Animals will not be forgotten, even in disaster. Not on our watch.

llama, horse, and cow near flames
Wildfire devastation
Burned out fire truck on OR 22 near Detroit
(Photo: Oregon Department of Transportation)

Multiple wildfires ravaged Oregon in September 2020, giving residents mere minutes to gather their families, a few valuables and their pets. The flames spread so quickly, many had to leave their livestock and other animals behind.

That’s when Oregon State University jumped into action.

A team of veterinarians, veterinary technicians, staff and students from the Carlson College of Veterinary Medicine, OSU Extension Service staff and more than 90 volunteers evacuated hundreds of animals — cattle, chickens, rabbits, llamas, pigs and horses — to county fairgrounds across the state. Most were rescued early enough to avoid any serious harm, with veterinary staff and students attending to minor injuries from transport, smoke inhalation and stress.

OSU Extension employees worked day and night to prepare barns and buildings for the influx of evacuated animals, while others headed out on the road to bring in even more. Jared Delay, a 4-H education program assistant in Clatsop County, led a caravan of 11 trucks and trailers that evacuated 213 animals in Clackamas, Marion, Linn and Washington counties — including a boar weighing in at 1,200 pounds. Delay’s crew traveled 4,248 miles in just four days.

Back at the fairgrounds, volunteers delivered food and water, soothed stressed animals, set up bedding and helped track the location of incoming animals, while Oregon State veterinarians and staff went far beyond their call of duty. In addition to managing regular clients, they made twice-daily visits to the Benton County fairgrounds and checked in daily in Linn County. They also traveled to makeshift shelters on residents’ properties, all while having their phones and extra vehicles at the ready for additional emergencies.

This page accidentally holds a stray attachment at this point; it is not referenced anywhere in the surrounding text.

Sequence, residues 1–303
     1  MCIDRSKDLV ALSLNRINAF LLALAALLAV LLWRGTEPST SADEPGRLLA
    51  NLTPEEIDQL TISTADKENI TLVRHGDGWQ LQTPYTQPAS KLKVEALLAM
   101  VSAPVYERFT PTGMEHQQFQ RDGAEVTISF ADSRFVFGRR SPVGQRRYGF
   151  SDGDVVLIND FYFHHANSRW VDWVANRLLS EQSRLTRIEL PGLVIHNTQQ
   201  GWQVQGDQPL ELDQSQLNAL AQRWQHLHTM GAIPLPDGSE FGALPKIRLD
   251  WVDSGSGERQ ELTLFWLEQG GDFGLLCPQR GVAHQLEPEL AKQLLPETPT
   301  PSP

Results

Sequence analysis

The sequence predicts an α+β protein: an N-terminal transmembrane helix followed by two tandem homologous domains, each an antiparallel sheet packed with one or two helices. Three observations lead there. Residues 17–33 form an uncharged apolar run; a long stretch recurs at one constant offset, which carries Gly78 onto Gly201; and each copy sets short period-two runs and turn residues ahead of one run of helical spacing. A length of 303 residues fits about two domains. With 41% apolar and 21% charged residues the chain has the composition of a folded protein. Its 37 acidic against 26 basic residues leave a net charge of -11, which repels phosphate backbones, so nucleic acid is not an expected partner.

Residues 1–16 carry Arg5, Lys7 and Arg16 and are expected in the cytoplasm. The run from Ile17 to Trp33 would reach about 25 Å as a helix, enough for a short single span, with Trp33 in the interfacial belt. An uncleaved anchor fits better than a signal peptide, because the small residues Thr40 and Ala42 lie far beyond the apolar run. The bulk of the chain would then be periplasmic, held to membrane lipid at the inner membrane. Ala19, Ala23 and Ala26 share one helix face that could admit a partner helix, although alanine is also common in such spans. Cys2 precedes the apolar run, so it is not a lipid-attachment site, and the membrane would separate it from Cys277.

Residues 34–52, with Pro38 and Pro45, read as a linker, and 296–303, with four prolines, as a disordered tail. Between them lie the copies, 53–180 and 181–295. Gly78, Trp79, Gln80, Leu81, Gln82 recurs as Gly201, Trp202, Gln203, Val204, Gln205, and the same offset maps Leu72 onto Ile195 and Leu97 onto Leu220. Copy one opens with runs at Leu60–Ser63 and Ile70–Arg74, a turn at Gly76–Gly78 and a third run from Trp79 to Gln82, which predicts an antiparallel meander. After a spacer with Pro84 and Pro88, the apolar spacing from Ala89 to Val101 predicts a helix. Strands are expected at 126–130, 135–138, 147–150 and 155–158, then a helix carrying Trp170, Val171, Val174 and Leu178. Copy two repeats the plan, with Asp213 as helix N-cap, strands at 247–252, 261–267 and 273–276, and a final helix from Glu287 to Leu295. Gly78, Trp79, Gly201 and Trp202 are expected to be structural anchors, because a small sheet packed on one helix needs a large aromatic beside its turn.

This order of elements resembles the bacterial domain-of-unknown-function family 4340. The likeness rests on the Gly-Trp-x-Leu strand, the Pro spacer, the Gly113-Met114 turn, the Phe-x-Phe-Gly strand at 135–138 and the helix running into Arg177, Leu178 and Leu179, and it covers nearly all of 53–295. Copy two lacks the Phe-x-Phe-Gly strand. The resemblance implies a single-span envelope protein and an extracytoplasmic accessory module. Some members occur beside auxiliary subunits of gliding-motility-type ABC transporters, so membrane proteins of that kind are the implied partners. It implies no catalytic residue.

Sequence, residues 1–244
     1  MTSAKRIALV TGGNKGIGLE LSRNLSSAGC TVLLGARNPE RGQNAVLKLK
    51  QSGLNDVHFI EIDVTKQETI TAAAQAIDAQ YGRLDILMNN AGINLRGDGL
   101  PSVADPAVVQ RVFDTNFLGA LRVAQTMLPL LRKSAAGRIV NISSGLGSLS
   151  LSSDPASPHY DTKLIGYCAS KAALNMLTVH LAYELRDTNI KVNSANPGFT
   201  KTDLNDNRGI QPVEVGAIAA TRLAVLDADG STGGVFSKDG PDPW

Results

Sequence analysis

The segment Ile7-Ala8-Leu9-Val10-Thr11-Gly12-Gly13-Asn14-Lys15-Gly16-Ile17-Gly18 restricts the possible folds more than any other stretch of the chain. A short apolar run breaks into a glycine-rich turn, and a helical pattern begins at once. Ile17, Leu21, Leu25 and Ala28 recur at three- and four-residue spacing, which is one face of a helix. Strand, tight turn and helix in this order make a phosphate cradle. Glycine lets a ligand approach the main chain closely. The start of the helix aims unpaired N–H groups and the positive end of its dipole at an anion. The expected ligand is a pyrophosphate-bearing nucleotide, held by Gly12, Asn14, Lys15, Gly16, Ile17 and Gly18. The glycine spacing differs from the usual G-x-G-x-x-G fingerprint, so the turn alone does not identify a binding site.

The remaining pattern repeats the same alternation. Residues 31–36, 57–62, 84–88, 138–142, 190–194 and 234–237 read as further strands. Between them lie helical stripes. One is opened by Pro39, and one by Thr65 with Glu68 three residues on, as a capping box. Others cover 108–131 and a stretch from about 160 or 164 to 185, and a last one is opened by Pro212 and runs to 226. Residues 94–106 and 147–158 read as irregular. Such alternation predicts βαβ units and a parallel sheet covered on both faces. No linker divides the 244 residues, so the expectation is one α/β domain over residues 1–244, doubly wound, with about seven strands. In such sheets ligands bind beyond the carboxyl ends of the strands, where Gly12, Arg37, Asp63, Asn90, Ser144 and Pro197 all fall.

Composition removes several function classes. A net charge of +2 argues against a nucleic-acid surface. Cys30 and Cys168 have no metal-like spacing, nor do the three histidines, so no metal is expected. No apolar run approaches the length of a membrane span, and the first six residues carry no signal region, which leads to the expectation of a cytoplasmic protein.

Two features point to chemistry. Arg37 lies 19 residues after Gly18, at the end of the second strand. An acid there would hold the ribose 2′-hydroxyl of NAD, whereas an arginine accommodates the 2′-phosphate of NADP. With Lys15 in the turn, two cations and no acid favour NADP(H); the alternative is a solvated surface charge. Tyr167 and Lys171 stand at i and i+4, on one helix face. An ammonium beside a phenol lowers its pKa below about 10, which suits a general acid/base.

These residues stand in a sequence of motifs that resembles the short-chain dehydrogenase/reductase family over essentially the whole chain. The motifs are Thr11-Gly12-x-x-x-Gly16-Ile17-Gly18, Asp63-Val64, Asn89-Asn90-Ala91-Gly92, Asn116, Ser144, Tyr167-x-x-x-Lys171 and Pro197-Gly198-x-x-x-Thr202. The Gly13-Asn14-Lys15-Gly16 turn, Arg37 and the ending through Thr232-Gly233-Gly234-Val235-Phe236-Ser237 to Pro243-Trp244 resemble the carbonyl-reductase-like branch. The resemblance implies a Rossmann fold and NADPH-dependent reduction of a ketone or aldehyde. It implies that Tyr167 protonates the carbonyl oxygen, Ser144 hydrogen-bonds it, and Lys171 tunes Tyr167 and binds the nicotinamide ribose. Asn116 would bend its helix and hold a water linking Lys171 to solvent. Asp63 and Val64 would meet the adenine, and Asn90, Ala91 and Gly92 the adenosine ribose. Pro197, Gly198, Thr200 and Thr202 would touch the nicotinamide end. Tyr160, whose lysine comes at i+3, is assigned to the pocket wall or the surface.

Helping out when disaster strikes, with both expertise and a get-it-done attitude, is part of our land grant mission to work for Oregon and all its inhabitants — including the four-legged ones.

“One of the defining characteristics of OSU Extension is our strong bond with the counties in which we work. Assisting in these wildfire relief efforts is a natural fit for us, and it’s consistent with our mission to serve all Oregonians.”

Anita Azarenko | Interim Vice Provost and Director
OSU Extension Service

OSU wildfire response efforts received two generous gifts:

  • $10,000 from the American Veterinary Medical Foundation
  • $7,500 from the United States Equestrian Federation Equine Disaster Relief Fund

Additional gifts of any amount may be given at